But spinach may also be placed in the oven for a short while to make roasted spinach. This is a simple side dish that may be dressed up with various ingredients such as olive oil, balsamic vinegar, lemon juice or a splash of soy sauce.
It's best to use fresh, raw spinach when making roasted spinach, as frozen spinach would release too much water if you placed it directly into the oven. Spinach will need to be watched carefully while it's roasting to make sure it doesn't burn or shrivel up too much. Unlike roasting kale for kale chips, spinach tastes better when it's wilted rather than crisped.
Roasted spinach can be eaten on its own, but it's much tastier when combined with other vegetables or legumes. Salt, pepper and olive oil will enhance the flavor of the spinach, and a squeeze of fresh lemon juice will add a tart kick.
- Preheat the oven to 350°F.
- Heat half the olive oil in a medium sauté pan over medium heat.
- Add one-third of the garlic and sauté for about 1 minute, until soft and light brown.
- Add the artichoke hearts and spinach.
- Cook for about 3 minutes, until the vegetables are warmed through.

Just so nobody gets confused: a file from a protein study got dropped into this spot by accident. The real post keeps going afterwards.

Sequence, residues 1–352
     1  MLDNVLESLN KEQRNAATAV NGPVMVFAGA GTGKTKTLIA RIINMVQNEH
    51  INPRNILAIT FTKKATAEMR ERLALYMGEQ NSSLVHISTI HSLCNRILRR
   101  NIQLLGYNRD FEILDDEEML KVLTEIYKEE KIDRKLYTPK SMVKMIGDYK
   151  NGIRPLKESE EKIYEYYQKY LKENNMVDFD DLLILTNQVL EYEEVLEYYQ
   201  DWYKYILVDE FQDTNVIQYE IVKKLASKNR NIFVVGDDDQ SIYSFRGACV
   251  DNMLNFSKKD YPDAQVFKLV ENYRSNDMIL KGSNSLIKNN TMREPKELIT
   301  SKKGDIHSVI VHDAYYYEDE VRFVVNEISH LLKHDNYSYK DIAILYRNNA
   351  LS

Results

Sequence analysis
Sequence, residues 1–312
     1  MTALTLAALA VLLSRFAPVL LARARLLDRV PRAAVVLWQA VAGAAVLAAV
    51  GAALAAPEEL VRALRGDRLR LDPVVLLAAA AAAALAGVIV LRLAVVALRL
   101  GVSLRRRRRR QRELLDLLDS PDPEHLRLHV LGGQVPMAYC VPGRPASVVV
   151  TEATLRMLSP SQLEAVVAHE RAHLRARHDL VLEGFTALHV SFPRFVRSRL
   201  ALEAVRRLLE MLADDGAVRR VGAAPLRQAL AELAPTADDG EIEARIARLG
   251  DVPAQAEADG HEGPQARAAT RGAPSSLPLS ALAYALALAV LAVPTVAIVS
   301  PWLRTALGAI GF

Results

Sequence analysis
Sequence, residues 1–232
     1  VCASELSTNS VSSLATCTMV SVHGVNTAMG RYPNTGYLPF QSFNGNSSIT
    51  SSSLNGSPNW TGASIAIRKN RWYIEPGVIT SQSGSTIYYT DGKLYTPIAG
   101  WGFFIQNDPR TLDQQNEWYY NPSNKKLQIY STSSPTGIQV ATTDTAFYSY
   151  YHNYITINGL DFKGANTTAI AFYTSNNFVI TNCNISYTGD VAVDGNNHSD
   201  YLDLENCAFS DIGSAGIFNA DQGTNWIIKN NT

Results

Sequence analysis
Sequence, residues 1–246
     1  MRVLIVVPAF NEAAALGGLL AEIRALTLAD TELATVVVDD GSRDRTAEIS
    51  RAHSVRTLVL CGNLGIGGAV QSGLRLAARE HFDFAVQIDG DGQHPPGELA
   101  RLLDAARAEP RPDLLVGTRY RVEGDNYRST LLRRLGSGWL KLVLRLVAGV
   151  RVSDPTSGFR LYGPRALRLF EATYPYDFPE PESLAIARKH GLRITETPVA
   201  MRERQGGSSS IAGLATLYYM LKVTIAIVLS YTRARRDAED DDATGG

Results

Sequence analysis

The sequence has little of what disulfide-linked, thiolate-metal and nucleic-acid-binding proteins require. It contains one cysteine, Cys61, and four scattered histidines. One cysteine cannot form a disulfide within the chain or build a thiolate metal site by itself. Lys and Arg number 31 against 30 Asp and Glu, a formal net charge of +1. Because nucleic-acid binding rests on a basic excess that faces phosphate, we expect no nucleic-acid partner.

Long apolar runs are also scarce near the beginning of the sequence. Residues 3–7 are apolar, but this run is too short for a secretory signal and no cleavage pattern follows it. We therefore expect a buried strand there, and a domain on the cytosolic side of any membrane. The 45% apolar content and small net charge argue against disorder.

- Drain any water that collects in the bottom of the pan.
- Season with salt and black pepper.
- Heat the remaining olive oil in a medium saucepan over medium heat.
- Add the remaining garlic, the onions, and red pepper flakes and cook for about 3 minutes, until the onion is soft.
- Add the tomatoes and simmer for 10 minutes.
- Season with salt and pepper.
- While the sauce simmers, cook the manicotti in a large pot of boiling water for about 7 minutes, until soft but short of al dente. Drain.
- Combine the artichoke-spinach mixture with the ricotta, cottage cheese, and parmesan.
- Use a small spoon to carefully stuff each manicotti with the cheese mixture.
- Spoon half of the tomato sauce on the bottom of a 13" x 9" baking dish.
- Top with the manicotti, then cover with the remaining sauce.
- Sprinkle the mozzarella all over.
- Bake for about 20 minutes, until the cheese is melted and the sauce is bubbling.